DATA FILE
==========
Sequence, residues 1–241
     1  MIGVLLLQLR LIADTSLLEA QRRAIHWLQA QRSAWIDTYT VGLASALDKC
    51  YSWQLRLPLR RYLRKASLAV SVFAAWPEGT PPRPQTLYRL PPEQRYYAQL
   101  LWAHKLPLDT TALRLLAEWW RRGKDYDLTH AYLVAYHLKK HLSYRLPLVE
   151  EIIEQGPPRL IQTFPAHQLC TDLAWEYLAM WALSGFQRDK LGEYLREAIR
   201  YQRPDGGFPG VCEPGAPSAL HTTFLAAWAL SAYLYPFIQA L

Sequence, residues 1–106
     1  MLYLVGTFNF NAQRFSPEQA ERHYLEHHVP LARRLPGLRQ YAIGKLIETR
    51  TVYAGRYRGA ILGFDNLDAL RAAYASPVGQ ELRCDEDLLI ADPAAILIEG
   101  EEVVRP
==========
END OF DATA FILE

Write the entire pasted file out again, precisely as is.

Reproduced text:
Sequence, residues 1–241
     1  MIGVLLLQLR LIADTSLLEA QRRAIHWLQA QRSAWIDTYT VGLASALDKC
    51  YSWQLRLPLR RYLRKASLAV SVFAAWPEGT PPRPQTLYRL PPEQRYYAQL
   101  LWAHKLPLDT TALRLLAEWW RRGKDYDLTH AYLVAYHLKK HLSYRLPLVE
   151  EIIEQGPPRL IQTFPAHQLC TDLAWEYLAM WALSGFQRDK LGEYLREAIR
   201  YQRPDGGFPG VCEPGAPSAL HTTFLAAWAL SAYLYPFIQA L

Sequence, residues 1–106
     1  MLYLVGTFNF NAQRFSPEQA ERHYLEHHVP LARRLPGLRQ YAIGKLIETR
    51  TVYAGRYRGA ILGFDNLDAL RAAYASPVGQ ELRCDEDLLI ADPAAILIEG
   101  EEVVRP